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Title: VEGF-A, cytoskeletal dynamics, and the pathological vascular phenotype

Abstract

Normal angiogenesis is a complex process involving the organization of proliferating and migrating endothelial cells (ECs) into a well-ordered and highly functional vascular network. In contrast, pathological angiogenesis, which is a conspicuous feature of tumor growth, ischemic diseases, and chronic inflammation, is characterized by vessels with aberrant angioarchitecture and compromised barrier function. Herein we review the subject of pathological angiogenesis, particularly that driven by vascular endothelial growth factor (VEGF-A), from a new perspective. We propose that the serious structural and functional anomalies associated with VEGF-A-elicited neovessels, reflect, at least in part, imbalances in the internal molecular cues that govern the ordered assembly of ECs into three dimensional vascular networks and preserve vessel barrier function. Adopting such a viewpoint widens the focus from solely on specific pro-angiogenic stimuli such as VEGF-A to include a key set of cytoskeletal regulatory molecules, the Rho GTPases, which are known to direct multiple aspects of vascular morphogenesis including EC motility, alignment, multi-cellular organization, as well as intercellular junction integrity. We offer this perspective to draw attention to the importance of endothelial cytoskeletal dynamics for proper neovascularization and to suggest new therapeutic strategies with the potential to improve the pathological vascular phenotype.

Authors:
 [1];  [2]
  1. Department of Pathology, Beth Israel Deaconess Medical Center, Research North Building, 99 Brookline Avenue, Boston, MA 02215 (United States). E-mail: jnagy@bidmc.harvard.edu
  2. Department of Pathology, Beth Israel Deaconess Medical Center, Research North Building, 99 Brookline Avenue, Boston, MA 02215 (United States). E-mail: dsenger@bidmc.harvard.edu
Publication Date:
OSTI Identifier:
20775341
Resource Type:
Journal Article
Resource Relation:
Journal Name: Experimental Cell Research; Journal Volume: 312; Journal Issue: 5; Other Information: DOI: 10.1016/j.yexcr.2005.10.017; PII: S0014-4827(05)00484-2; Copyright (c) 2005 Elsevier Science B.V., Amsterdam, The Netherlands, All rights reserved; Country of input: International Atomic Energy Agency (IAEA)
Country of Publication:
United States
Language:
English
Subject:
60 APPLIED LIFE SCIENCES; ACTIN; GROWTH FACTORS; INFLAMMATION; MORPHOGENESIS; NEOPLASMS; PHENOTYPE

Citation Formats

Nagy, Janice A., and Senger, Donald R.. VEGF-A, cytoskeletal dynamics, and the pathological vascular phenotype. United States: N. p., 2006. Web. doi:10.1016/j.yexcr.2005.10.017.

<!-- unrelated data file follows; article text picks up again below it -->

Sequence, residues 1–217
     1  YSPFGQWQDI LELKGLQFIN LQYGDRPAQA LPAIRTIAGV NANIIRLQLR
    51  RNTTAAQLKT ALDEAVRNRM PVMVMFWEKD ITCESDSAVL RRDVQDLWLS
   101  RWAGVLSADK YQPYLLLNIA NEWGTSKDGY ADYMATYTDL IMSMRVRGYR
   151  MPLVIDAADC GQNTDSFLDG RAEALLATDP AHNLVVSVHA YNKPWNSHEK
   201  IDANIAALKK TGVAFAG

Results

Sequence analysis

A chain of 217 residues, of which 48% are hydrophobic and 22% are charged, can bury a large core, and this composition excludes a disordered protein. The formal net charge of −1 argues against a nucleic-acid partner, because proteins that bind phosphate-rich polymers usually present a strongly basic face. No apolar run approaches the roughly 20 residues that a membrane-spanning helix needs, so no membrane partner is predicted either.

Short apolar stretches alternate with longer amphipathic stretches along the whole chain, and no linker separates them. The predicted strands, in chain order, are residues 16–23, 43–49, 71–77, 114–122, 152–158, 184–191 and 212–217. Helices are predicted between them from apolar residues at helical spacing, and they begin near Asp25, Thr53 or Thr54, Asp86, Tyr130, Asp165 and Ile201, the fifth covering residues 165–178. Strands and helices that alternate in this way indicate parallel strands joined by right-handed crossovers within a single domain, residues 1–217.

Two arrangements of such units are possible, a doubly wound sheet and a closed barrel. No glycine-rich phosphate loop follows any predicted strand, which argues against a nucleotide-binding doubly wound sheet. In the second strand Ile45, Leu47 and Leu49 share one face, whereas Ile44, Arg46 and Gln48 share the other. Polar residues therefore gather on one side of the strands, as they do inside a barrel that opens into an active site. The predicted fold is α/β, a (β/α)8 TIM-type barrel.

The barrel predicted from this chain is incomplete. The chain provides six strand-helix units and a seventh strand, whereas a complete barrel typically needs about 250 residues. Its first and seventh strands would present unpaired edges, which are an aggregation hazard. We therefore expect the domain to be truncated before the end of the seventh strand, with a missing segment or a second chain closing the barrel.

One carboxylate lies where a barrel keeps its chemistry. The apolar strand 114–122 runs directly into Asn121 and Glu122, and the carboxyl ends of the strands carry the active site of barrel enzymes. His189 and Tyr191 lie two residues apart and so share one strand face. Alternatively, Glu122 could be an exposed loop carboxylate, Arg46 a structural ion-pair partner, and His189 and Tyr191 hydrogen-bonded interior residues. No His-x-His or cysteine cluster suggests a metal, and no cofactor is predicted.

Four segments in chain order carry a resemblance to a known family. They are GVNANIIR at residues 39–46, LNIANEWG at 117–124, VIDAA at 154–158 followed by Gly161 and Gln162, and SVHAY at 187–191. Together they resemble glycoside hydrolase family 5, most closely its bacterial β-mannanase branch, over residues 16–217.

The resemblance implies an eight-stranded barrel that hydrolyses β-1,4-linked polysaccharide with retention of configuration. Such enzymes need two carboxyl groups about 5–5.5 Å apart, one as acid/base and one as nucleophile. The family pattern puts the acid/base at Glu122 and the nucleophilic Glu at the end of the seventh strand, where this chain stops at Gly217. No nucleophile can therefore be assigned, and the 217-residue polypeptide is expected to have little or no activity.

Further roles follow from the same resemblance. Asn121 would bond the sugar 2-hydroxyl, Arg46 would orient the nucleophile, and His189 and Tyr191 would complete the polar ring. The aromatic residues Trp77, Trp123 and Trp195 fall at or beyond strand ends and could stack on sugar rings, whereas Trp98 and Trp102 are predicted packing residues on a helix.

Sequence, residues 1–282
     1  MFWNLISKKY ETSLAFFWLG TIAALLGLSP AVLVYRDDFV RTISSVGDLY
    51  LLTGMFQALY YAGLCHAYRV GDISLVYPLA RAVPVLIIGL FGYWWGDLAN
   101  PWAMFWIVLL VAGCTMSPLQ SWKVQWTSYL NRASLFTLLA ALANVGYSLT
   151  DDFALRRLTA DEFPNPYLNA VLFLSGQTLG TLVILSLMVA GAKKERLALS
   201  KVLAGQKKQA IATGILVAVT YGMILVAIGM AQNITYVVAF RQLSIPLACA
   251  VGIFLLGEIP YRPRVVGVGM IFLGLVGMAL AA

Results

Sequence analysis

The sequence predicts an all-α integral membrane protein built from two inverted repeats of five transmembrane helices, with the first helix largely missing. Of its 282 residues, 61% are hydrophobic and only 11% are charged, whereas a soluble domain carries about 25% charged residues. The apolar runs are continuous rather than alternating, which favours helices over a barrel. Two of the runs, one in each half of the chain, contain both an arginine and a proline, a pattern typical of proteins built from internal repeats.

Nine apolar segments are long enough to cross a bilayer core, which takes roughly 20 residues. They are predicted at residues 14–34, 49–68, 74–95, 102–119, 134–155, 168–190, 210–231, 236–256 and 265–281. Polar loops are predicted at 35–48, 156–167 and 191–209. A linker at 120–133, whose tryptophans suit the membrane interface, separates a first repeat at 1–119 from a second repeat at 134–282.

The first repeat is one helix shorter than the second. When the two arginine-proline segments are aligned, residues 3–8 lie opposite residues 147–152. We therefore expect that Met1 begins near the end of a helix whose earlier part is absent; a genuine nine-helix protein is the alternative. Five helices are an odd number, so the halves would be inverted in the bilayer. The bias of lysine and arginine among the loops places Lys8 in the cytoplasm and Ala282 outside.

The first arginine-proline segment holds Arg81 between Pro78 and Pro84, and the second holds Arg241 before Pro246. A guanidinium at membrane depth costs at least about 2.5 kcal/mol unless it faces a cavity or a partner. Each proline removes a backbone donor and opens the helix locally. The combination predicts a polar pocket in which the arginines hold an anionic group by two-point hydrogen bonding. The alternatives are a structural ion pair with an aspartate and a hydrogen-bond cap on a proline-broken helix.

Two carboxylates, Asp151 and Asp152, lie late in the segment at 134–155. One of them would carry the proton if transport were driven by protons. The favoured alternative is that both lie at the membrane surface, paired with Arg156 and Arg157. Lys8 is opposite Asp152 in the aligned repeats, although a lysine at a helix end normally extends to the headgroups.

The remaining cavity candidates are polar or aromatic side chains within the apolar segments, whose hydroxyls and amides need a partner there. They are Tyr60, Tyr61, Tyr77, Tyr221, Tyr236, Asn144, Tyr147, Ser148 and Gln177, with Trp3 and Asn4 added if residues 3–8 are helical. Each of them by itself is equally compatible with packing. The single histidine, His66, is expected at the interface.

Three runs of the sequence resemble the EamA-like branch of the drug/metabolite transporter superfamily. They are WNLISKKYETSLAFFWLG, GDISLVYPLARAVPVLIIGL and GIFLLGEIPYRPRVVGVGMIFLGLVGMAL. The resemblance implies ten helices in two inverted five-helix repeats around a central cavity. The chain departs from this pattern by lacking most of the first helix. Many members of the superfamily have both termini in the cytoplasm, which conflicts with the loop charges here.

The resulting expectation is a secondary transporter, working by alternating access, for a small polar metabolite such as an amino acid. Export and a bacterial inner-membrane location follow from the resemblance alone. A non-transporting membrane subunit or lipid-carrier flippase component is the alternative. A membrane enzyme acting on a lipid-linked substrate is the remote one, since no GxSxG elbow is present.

Nagy, Janice A., & Senger, Donald R.. VEGF-A, cytoskeletal dynamics, and the pathological vascular phenotype. United States. doi:10.1016/j.yexcr.2005.10.017.
Nagy, Janice A., and Senger, Donald R.. Fri . "VEGF-A, cytoskeletal dynamics, and the pathological vascular phenotype". United States. doi:10.1016/j.yexcr.2005.10.017.
@article{osti_20775341,
title = {VEGF-A, cytoskeletal dynamics, and the pathological vascular phenotype},
author = {Nagy, Janice A. and Senger, Donald R.},
abstractNote = {Normal angiogenesis is a complex process involving the organization of proliferating and migrating endothelial cells (ECs) into a well-ordered and highly functional vascular network. In contrast, pathological angiogenesis, which is a conspicuous feature of tumor growth, ischemic diseases, and chronic inflammation, is characterized by vessels with aberrant angioarchitecture and compromised barrier function. Herein we review the subject of pathological angiogenesis, particularly that driven by vascular endothelial growth factor (VEGF-A), from a new perspective. We propose that the serious structural and functional anomalies associated with VEGF-A-elicited neovessels, reflect, at least in part, imbalances in the internal molecular cues that govern the ordered assembly of ECs into three dimensional vascular networks and preserve vessel barrier function. Adopting such a viewpoint widens the focus from solely on specific pro-angiogenic stimuli such as VEGF-A to include a key set of cytoskeletal regulatory molecules, the Rho GTPases, which are known to direct multiple aspects of vascular morphogenesis including EC motility, alignment, multi-cellular organization, as well as intercellular junction integrity. We offer this perspective to draw attention to the importance of endothelial cytoskeletal dynamics for proper neovascularization and to suggest new therapeutic strategies with the potential to improve the pathological vascular phenotype.},
doi = {10.1016/j.yexcr.2005.10.017},
journal = {Experimental Cell Research},
number = 5,
volume = 312,
place = {United States},
year = {Fri Mar 10 00:00:00 EST 2006},
month = {Fri Mar 10 00:00:00 EST 2006}
}